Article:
Saying hello to our jumbo friends

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Remember Anula and Kosala – the little elephants sent to Japan in exchange for Black Rhinos three years ago? Malaka Rodrigo visits the Sri Lankans jumbos now in Nagoya’s Higashiyama Zoo… Zoos around the world is also being visited by millions of people annually and provide a great opportunity to raise awareness on the need to protect biodiversity as WAZA officers pointed out at a side event at COP10 in Nagoya…

I had a date at Nagoya’s Higashiyama Zoo and I was late. The Chief Veterinarian of Higashiyama Zoo was waiting and he accompanied me to meet my Sri Lankan friends – Kosala and Anula. A group of Japanese pre-school children were already greeting the elephants, while some young artists were making replicas of the elephants out of clay as their assignments.

Anula greeting the Japanese crowd

“Kosala and Anula have become a key attraction of our zoo,” said the Director of Higashiyama Zoo, Hiroshi Kobayashi. Kosala and Anula were brought to the Nagoya Zoo in 2007 in exchange for a pair of Black Rhinos and since then have been sharing the Asian Elephant enclosure. The Japanese zoo is proud to be custodians of these Asian Elephants.

Hiroshi led me to their elephant shed through the backdoor. It is not an open enclosure like in Sri Lanka but as Japan’s winter starts from November, the elephants need to be provided warmth. However, both Kosala and Anula seem to enjoy the snow during the short period they are allowed outside.

Obediant Kosala

“They like to play with the snow like children,” said Hiroshi laughing. The elephant shed is heated and the elephants are well protected during this time, assure the zoo officials. Being larger animals, both the Asian and African elephants seem to be able to adapt to the changing climate and do not show any particular uneasiness in facing the cold.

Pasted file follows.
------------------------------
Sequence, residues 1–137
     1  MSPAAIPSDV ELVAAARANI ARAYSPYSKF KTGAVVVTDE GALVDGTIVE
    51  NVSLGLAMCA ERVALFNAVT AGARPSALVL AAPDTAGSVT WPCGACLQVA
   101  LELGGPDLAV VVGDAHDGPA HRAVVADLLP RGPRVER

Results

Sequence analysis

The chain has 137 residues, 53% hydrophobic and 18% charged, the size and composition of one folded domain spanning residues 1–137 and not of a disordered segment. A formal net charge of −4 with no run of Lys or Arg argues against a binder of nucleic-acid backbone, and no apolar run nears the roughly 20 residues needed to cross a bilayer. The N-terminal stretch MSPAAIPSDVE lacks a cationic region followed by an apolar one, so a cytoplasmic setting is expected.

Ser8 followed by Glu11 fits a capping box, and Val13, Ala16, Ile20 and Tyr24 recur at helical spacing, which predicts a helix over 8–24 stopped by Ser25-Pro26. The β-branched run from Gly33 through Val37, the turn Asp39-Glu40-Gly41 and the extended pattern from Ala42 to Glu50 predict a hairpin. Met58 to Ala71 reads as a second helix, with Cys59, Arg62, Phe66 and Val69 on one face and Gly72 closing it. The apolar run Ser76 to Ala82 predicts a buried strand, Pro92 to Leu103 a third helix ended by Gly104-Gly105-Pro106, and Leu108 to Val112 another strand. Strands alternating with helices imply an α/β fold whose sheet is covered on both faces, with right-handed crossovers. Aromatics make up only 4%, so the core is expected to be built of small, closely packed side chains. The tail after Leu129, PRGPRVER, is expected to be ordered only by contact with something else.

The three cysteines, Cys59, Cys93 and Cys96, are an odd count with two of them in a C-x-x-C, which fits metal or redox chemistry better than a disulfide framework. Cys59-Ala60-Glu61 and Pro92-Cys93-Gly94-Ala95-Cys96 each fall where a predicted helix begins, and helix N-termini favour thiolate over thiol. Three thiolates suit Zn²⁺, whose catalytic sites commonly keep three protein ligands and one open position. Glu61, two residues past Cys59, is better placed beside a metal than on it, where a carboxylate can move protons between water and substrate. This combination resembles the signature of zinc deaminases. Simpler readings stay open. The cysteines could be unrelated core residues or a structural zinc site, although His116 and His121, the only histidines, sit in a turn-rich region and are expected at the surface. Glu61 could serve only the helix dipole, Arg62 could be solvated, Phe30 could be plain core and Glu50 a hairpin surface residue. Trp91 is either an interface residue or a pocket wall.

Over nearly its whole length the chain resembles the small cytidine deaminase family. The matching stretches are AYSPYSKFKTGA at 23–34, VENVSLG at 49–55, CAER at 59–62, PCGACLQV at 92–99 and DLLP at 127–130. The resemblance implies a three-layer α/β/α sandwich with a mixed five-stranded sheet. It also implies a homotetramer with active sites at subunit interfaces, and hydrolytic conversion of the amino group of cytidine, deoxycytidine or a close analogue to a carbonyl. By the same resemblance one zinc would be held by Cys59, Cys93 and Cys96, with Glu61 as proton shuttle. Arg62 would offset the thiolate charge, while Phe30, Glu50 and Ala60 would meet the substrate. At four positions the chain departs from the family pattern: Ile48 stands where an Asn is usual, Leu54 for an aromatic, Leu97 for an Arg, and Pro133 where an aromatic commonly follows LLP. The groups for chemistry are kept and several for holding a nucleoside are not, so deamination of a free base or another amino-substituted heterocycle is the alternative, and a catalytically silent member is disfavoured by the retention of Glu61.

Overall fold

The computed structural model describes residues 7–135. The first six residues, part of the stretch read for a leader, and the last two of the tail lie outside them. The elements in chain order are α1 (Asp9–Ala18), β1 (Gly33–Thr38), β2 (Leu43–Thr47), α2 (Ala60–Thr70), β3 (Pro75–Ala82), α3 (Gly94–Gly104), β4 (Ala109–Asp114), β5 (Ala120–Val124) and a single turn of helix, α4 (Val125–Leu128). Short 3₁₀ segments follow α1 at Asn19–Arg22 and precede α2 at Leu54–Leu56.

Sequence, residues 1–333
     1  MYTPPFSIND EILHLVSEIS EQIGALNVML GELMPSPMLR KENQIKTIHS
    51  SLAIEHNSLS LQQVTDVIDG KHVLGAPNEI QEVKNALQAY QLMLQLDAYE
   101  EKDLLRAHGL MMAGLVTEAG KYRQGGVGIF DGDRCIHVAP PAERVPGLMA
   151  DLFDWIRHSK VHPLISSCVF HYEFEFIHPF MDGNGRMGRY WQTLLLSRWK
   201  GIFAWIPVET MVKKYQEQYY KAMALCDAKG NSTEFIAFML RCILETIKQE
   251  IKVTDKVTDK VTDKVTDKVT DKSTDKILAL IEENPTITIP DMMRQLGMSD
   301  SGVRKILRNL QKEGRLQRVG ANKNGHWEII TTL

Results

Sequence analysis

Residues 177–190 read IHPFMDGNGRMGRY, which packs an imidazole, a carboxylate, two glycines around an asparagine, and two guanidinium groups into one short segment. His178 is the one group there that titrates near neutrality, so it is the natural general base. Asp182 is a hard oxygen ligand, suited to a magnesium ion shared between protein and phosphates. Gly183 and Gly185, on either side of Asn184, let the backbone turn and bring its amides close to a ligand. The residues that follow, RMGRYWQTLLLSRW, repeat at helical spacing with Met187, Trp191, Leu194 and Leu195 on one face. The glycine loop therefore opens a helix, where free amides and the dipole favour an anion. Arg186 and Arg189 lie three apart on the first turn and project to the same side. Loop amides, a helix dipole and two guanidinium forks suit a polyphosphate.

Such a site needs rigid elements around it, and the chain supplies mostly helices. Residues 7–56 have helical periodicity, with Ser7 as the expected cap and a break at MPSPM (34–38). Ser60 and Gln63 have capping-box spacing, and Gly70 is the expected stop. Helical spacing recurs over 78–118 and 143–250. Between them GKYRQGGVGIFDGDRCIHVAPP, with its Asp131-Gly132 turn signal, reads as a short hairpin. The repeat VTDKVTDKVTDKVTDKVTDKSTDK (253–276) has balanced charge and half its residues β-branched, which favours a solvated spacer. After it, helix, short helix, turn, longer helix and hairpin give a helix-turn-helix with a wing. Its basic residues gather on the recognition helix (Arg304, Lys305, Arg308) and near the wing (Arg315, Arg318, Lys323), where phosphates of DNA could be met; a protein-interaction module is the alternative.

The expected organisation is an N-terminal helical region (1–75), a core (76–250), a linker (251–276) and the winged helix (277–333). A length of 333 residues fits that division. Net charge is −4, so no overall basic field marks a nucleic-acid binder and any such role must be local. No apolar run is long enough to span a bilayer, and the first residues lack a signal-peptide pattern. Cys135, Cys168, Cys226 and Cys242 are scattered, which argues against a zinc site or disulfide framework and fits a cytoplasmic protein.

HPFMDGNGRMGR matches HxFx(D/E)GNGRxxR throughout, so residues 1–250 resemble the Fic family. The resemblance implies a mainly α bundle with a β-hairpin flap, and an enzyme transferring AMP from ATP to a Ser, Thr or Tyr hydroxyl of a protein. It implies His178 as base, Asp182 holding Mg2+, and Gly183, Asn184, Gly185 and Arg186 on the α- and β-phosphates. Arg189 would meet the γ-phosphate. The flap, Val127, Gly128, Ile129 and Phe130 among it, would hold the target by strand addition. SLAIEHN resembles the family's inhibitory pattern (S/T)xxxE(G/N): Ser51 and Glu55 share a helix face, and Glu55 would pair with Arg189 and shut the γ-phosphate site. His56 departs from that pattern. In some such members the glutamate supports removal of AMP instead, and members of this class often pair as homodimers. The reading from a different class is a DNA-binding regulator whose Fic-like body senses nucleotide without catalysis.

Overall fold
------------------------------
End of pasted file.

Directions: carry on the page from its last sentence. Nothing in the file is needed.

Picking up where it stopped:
The elephant shed in fact took me back to the Japanese children’s film “The Little Elephant” I watched when I was a child. The elephant shed which was the original one built at the zoo’s inception looks identical to the one in the film and I wondered whether the story of the famous film too is set in this very zoo.

It was set in World War II where the military try to kill the elephants upon an order to get rid of dangerous animals and the attempt by the elephant keeper and Japanese kids to save their little elephant. In fact during World War II, the Japanese military had received orders to kill some dangerous animals fearing they would escape during the bombings. “But Nagoya Zoo is special as none of their elephants were harmed,” revealed director Hiroshi.

The Japanese government requisitioned Nagoya Zoo for military purposes during the World War and many animals died but the two elephants were able to survive through the efforts of the zoo staff. In 1945, Higashiyama zoo served as a major recreation facility in war-ravaged Japan and the surviving elephants, Makany and Held gave hope to children and boosted the popularity of the zoo. So the Nagoya Zoo considers elephants special.

“That is why we are especially proud to have both Kosala and Anula and grateful to Sri Lanka for sending these elephants,” said director Hiroshi. “Sri Lanka is negotiating to get down a Sea Lion from Higashiyama zoo and despite loads of requests from other zoos, we favour Sri Lanka because of the elephants the Colombo Zoo sent us,” he said.